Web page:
At IRA I stopped at the Subtext booth and was completely surprised to find out that it was a FREE app for iPads. I just started exploring it today to see how it might be used in a classroom, and I thought I’d pass along what I’ve found.
First, you have to download it. Search the app store for Subtext. Download it. Ta-da! Step one complete
Once you get signed in, you’ll find an invitation to a couple “getting started” groups, and your sign in screen should look something like this:
Using the icons in the upper right corner, you can create a “group” for each of your class periods. For the purpose of this demonstration, I created an English 9 group, which you can add using the following information. (This is also what your students will see if you send a group email. Or, you could just give them the code.)
You can then search for books to add to your bookshelves. While you will have to pay for some books, you can access all out-of-copyright texts for free. For a list, check out Gleeditions which offers free e-texts of all common core materials. I used the texts listed on this site when I was searching for books because I knew I’d be able to come up with a free copy to download.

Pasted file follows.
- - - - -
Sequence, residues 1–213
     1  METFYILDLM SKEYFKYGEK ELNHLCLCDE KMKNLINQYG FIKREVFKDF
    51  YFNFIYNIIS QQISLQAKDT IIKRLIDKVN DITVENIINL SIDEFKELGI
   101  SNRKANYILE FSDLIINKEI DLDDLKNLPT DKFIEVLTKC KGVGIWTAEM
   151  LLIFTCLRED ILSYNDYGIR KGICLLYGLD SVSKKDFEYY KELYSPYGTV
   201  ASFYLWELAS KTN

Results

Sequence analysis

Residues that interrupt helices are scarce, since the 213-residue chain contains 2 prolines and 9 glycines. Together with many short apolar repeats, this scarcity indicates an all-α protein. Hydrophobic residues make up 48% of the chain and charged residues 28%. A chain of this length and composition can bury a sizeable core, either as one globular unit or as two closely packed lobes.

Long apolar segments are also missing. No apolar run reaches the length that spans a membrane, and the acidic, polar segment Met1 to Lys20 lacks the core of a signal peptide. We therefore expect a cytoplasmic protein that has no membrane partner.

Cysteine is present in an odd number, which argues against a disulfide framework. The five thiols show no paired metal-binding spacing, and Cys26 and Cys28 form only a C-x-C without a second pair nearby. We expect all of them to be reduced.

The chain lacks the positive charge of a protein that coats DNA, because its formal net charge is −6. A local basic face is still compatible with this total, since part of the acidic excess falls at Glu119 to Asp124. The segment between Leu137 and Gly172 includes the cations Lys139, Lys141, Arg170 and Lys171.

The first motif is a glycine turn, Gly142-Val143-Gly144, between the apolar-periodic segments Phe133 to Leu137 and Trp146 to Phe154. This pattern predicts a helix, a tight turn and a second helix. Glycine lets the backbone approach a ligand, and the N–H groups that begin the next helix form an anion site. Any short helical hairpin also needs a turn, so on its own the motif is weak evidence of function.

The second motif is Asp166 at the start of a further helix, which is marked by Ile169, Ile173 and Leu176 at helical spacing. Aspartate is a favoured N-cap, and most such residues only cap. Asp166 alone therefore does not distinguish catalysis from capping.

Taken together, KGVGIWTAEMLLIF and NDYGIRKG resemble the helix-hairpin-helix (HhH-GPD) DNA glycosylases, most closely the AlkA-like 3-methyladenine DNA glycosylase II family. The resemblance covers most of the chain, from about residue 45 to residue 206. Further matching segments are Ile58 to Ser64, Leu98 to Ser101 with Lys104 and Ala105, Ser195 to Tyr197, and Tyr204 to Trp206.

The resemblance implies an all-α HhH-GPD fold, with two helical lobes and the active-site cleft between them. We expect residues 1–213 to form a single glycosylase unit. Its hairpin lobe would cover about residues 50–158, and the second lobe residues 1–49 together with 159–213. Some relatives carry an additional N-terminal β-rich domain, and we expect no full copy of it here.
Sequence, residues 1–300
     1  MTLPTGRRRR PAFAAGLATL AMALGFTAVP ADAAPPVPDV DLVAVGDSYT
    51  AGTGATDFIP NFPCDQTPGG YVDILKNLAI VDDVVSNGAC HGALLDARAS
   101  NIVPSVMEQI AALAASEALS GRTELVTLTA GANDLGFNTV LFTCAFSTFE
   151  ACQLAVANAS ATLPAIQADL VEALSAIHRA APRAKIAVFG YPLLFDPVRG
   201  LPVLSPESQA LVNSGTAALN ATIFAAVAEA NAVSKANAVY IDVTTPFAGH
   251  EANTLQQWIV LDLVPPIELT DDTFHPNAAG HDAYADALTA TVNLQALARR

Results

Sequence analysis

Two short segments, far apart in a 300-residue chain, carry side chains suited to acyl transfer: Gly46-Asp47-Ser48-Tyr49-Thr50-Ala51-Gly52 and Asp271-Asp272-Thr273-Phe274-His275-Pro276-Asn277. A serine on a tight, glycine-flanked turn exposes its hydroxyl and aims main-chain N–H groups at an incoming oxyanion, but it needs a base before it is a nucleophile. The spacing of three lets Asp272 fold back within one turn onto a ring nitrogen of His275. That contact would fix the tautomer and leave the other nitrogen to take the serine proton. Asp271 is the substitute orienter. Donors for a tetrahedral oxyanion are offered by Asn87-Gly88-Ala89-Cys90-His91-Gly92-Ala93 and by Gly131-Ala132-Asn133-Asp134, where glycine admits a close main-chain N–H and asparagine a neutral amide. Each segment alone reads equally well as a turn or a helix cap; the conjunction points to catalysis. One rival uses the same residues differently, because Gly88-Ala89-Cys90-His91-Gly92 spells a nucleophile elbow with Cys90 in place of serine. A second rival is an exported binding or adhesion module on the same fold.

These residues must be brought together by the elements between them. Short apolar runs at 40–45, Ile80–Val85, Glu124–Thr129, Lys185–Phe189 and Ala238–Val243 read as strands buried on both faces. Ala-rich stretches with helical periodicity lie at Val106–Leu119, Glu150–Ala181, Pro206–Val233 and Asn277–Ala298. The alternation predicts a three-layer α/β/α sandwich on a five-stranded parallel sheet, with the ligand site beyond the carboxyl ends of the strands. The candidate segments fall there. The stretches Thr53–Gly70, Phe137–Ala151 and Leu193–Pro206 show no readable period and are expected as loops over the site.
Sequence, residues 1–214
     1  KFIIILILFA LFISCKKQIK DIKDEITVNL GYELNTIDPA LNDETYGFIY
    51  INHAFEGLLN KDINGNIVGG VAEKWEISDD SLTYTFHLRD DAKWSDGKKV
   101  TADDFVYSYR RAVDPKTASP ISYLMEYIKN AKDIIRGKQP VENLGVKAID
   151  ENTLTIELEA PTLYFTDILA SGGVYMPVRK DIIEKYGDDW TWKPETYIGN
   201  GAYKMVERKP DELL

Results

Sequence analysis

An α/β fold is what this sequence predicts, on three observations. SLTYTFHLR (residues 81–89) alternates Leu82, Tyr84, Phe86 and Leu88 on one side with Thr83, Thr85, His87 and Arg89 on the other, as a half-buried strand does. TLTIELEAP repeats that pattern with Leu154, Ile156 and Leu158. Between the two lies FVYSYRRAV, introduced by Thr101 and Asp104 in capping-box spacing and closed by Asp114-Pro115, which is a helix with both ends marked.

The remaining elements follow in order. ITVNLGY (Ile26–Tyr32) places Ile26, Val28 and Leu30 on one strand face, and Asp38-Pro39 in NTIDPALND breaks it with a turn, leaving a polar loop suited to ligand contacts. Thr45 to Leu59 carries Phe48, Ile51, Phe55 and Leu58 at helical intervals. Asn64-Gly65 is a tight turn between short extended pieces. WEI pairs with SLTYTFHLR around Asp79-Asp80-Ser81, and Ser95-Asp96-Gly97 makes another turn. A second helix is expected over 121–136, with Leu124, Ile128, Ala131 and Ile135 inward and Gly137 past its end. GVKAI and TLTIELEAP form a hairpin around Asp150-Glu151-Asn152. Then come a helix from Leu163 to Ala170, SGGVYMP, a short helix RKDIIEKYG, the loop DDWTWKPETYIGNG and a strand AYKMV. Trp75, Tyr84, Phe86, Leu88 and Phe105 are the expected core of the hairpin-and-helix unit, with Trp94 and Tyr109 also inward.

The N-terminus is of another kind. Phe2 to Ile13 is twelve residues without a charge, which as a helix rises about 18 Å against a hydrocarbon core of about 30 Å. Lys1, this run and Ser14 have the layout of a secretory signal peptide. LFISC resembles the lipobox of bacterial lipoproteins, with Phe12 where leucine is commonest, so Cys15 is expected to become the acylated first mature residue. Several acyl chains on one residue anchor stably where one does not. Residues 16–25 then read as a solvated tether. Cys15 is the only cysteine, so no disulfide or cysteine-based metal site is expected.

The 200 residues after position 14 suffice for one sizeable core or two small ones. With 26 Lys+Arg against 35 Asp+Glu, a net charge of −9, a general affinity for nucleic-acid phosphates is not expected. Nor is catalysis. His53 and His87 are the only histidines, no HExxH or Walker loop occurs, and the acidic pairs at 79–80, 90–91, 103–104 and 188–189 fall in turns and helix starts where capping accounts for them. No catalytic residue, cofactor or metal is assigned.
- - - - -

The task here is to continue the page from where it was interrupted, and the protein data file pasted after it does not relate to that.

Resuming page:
Here’s what adding books looks like:
And here’s what your students will see when they look at the bookshelf you have created for them:
Once you are reading a text, you can add your own notes, which I can see being useful in a variety of ways: encouraging deep reading by calling out specific questions/words/passages as the students read, differentiating for varying levels of comprehension (you could set up the readings by instructional level instead of by class period), eliciting conversation from students as they read. If I were using this app, I would encourage students to try reading the entire text first and then go back to view the questions–I have always been annoyed by footnotes and sidenotes because they break my reading concentration, so I imagine these questions in the margins would become distracting to students.
To add a poll/quiz, quest, discussion, or link, you tap and hold on a word or phrase:
In this preface to the piece, I wanted students to get an understanding of what $8.00 would be like today, so I linked them to a site:
When more questions (etc) are added, they show up as an icon with your picture (which happens to come from your Facebook account if linked). Students can tap the picture and respond to the question.
What a cool free app. I’ve been hearing about a lot of schools purchasing iPads in Ohio recently, and I hope the plan is to use them in ways that are innovative, engaging, and enhancing instruction. After all, the technology itself isn’t the innovation, but how you USE the technology is.
Hope this helps!